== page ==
I teach in middle school because I love it

“Bless you. That’s something I could never do.”

That’s usually the response when someone asks about my occupation and I tell them that I’m a middle school teacher.

The students, sometimes, have similar responses. “Why don’t you want to teach at the high school?”

Sometimes, I think they’re testing me. They want to know whether I really want to be at a middle school. They want to see whether I’m going to jump ship at the first chance.

My response is, usually, “I’m perfectly happy teaching where I teach.”

Occasionally I’ll tell them I love middle school. I do. But, I’ve really realized what it is that I love about middle school. It’s the development in the students.

That’s why I really love teaching 8th graders. They’ve been in the school for three years and teachers and staff have taught them school subjects and life lessons. Now, they’re on the verge of the big change to high school. They like random debates and conversations on everything from iPhones and Fortnite to listing the top 10 superheroes.

One of my 8th graders said she had to tell me something earlier this year.

“I didn’t like you very much when I was in 6th grade,” she said. I asked her why.

“Because I kept getting in trouble for talking,” she said.

I asked, “Were you talking?” And, she said, “Yes.”

But that’s not where the conversation ended. She said that I was now one of her favorite teachers because, no matter what she did, I still talked to her everyday as if nothing had happened the day before.

That’s why I teach middle school. It’s not so that I can be someone’s “favorite” teacher. It’s because I enjoy seeing what can change in the life of a student in the years between 6th and 8th grade.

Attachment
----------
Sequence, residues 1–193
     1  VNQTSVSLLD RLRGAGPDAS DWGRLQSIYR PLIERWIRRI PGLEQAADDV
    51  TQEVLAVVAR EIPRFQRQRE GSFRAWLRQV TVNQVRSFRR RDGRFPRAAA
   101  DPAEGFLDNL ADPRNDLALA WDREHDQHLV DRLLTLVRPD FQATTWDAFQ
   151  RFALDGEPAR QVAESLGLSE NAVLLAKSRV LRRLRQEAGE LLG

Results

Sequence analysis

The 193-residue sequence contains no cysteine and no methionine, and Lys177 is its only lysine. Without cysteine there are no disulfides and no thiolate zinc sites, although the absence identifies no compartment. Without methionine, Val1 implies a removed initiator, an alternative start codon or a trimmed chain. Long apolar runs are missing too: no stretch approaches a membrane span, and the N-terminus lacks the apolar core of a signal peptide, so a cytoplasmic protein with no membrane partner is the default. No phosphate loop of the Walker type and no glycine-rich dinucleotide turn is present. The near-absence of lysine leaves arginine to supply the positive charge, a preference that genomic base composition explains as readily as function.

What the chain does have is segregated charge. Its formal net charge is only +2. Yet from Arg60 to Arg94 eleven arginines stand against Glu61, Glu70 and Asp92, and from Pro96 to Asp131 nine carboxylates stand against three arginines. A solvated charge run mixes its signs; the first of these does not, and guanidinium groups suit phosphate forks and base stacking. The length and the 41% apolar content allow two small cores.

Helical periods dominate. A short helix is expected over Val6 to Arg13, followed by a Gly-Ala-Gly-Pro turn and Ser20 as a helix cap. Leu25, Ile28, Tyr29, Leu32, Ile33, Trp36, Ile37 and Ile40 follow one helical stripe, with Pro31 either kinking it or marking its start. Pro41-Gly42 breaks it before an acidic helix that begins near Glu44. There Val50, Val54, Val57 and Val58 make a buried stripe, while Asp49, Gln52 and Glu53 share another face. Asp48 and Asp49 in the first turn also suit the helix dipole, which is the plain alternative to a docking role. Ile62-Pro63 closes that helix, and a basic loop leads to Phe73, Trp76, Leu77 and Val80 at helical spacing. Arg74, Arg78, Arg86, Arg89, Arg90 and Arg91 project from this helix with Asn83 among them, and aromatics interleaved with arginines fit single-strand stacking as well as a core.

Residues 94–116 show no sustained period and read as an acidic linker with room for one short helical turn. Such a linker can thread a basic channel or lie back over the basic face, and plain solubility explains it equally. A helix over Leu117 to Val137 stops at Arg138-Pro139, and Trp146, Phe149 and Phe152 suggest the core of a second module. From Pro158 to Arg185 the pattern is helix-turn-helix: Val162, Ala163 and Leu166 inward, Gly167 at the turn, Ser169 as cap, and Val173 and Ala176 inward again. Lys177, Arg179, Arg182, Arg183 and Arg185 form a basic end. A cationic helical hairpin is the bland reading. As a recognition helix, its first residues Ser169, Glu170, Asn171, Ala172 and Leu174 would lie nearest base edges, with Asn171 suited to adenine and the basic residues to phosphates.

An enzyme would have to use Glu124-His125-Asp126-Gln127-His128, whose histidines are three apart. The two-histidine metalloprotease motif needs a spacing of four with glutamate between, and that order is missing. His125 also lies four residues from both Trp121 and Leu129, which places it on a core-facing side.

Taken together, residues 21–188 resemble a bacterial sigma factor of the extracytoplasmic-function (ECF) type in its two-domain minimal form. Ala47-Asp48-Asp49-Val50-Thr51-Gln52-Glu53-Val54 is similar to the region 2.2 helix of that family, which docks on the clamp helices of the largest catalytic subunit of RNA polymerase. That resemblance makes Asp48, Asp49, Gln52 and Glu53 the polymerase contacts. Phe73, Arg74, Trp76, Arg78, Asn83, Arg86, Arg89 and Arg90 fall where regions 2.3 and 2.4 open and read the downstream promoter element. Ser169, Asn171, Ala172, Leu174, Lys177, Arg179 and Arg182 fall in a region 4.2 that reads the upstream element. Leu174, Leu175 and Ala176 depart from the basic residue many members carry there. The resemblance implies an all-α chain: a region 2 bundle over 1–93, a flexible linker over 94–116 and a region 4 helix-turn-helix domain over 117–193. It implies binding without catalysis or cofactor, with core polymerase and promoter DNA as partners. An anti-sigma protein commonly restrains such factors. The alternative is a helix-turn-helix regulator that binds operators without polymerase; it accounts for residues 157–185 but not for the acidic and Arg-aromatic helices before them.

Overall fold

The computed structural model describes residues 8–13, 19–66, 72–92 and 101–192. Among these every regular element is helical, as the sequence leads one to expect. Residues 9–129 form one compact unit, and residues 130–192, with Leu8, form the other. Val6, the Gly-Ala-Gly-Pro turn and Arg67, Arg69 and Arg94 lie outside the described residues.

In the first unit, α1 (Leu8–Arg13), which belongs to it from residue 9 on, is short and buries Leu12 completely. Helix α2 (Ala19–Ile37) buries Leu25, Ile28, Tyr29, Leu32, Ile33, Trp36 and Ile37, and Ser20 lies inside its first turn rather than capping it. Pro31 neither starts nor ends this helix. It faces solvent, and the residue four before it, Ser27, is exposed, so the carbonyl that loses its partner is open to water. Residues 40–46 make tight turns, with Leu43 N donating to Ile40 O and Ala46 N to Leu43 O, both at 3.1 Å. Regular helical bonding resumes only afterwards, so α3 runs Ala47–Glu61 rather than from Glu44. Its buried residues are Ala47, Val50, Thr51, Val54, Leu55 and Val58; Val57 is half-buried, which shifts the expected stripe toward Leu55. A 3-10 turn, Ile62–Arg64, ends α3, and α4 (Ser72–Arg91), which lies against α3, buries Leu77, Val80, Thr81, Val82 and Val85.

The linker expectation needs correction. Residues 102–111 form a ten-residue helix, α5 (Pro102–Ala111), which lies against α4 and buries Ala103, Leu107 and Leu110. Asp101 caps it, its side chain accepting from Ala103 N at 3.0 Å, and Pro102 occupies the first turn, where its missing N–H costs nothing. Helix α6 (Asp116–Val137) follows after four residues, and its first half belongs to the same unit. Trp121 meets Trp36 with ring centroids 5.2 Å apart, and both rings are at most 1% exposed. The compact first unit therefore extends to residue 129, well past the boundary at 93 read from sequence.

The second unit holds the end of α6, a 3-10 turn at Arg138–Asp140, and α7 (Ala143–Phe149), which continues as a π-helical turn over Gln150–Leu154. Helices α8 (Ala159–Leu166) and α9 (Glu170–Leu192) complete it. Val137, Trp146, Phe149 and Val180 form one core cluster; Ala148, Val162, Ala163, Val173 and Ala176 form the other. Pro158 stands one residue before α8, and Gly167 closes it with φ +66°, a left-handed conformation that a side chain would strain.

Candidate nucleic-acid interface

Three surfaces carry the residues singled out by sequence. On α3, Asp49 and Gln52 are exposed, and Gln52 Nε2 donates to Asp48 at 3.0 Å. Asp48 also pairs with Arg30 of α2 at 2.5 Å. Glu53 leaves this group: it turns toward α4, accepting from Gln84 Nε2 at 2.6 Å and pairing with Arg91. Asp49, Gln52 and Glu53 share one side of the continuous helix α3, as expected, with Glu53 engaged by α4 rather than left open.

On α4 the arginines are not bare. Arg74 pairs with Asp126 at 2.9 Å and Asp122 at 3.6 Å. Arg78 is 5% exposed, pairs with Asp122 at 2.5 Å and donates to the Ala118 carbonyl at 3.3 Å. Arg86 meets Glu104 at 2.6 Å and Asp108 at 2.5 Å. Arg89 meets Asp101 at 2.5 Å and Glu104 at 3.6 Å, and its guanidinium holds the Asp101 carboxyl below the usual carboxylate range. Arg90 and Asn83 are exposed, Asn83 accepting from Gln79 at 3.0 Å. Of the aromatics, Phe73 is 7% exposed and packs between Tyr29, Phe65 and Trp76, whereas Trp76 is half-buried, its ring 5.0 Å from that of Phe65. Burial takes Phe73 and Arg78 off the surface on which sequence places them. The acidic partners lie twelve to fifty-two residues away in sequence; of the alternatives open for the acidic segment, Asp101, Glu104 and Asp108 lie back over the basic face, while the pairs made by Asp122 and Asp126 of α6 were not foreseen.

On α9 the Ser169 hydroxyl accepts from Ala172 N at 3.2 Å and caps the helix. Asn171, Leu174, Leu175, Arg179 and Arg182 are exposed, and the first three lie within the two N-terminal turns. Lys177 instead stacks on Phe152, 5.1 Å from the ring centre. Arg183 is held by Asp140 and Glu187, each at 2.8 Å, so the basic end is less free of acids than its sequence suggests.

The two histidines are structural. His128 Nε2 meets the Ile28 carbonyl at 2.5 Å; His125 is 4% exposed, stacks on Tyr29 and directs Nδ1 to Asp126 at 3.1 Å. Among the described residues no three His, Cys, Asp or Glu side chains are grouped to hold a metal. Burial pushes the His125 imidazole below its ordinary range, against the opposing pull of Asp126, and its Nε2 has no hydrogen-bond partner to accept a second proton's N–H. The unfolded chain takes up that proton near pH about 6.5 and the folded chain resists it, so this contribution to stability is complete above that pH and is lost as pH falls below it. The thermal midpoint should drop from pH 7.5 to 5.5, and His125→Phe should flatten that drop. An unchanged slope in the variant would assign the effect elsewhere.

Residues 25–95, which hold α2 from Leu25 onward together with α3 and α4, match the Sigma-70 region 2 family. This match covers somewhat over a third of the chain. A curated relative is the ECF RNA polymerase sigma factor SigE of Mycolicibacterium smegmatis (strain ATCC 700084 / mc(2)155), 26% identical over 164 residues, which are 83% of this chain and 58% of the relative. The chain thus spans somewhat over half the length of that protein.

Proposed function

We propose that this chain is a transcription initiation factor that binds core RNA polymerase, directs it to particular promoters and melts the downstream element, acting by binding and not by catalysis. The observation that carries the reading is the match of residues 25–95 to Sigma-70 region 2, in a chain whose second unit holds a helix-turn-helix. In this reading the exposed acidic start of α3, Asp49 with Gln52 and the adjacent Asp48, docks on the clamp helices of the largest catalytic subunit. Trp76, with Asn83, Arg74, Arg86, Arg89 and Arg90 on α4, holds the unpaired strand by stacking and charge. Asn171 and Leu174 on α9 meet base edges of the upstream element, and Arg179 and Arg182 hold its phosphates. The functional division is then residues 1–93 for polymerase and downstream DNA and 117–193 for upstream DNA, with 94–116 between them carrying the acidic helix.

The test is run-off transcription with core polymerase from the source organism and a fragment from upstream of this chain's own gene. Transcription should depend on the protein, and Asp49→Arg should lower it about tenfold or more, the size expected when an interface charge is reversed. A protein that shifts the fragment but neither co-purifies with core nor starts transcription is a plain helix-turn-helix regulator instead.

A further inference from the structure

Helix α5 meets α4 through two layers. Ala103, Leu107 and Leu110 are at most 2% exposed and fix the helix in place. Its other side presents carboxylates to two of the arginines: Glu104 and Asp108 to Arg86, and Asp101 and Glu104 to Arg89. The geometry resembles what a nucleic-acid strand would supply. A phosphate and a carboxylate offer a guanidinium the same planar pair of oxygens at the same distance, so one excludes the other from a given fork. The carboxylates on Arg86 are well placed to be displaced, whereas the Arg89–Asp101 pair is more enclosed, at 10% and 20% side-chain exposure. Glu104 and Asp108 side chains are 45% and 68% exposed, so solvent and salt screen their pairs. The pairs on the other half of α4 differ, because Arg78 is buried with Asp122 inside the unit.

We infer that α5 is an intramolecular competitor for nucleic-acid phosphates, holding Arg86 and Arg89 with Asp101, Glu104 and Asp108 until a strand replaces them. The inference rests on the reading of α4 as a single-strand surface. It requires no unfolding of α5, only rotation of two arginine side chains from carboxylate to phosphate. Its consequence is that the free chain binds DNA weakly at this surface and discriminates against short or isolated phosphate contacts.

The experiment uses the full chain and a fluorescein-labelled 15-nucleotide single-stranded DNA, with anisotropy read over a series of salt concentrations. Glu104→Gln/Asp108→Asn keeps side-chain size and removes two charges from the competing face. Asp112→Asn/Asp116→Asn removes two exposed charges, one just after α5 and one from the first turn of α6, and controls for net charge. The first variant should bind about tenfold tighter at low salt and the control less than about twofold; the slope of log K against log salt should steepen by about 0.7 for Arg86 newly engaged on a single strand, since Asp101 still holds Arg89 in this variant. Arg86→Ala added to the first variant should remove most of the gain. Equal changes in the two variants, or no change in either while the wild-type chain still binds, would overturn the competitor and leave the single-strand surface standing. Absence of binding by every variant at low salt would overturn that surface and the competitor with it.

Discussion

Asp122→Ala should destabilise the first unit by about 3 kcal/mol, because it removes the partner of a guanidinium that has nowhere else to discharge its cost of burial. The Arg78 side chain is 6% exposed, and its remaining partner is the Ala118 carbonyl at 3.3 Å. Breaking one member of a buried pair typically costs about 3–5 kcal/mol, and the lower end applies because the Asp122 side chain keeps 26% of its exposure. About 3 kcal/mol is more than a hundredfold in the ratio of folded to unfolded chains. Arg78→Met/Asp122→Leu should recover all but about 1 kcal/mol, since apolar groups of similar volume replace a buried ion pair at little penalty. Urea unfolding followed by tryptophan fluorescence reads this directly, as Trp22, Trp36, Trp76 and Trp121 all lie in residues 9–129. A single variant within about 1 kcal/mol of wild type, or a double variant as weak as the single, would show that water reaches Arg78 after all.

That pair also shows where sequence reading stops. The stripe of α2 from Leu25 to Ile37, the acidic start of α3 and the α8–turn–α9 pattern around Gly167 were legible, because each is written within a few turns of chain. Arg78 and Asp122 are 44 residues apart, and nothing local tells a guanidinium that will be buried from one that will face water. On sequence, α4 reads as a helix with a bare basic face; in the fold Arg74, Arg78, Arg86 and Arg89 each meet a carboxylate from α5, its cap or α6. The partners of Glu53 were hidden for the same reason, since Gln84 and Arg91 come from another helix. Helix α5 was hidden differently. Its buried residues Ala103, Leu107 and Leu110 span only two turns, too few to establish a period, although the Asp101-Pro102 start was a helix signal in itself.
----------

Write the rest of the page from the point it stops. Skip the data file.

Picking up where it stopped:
I think that’s been one of the challenges of teaching this year. Creating that dynamic in a classroom is more difficult because of absences and quarantines and virtual learning. It’s tougher to build that mentoring relationship with students.

During this past year, I’ve thought a lot about students. I wondered how they were making it during the pandemic and in the days school buildings were shut down. I worry and pray when I see news of shootings near the neighborhoods where they live.

In the same sense, the pandemic has made me a better teacher. I’m practicing my empathy skills more and trying to see things from what students are going through. I remind myself that, often, when a student expresses anger at you, it’s not really about you.

I try to surprise students when I talk to them. When I take a student out into the hallway for a moment to check up with them, I’m asking questions, such as, “You seem really upset today. Is something going on today?” Sometimes, the sheer honesty in their responses amazes me. It helps me to remember that some of our students are carrying tremendous burdens with them each day.

Now, I’m in my fourth year at a middle school and I realize that what I enjoy seeing most in students has been happening to me.

I’ve grown so much as a teacher in four years.

So, I hope to stick around middle school for a few more years. There’s so many students I get to see moving toward their future.

Why would I want to miss it?

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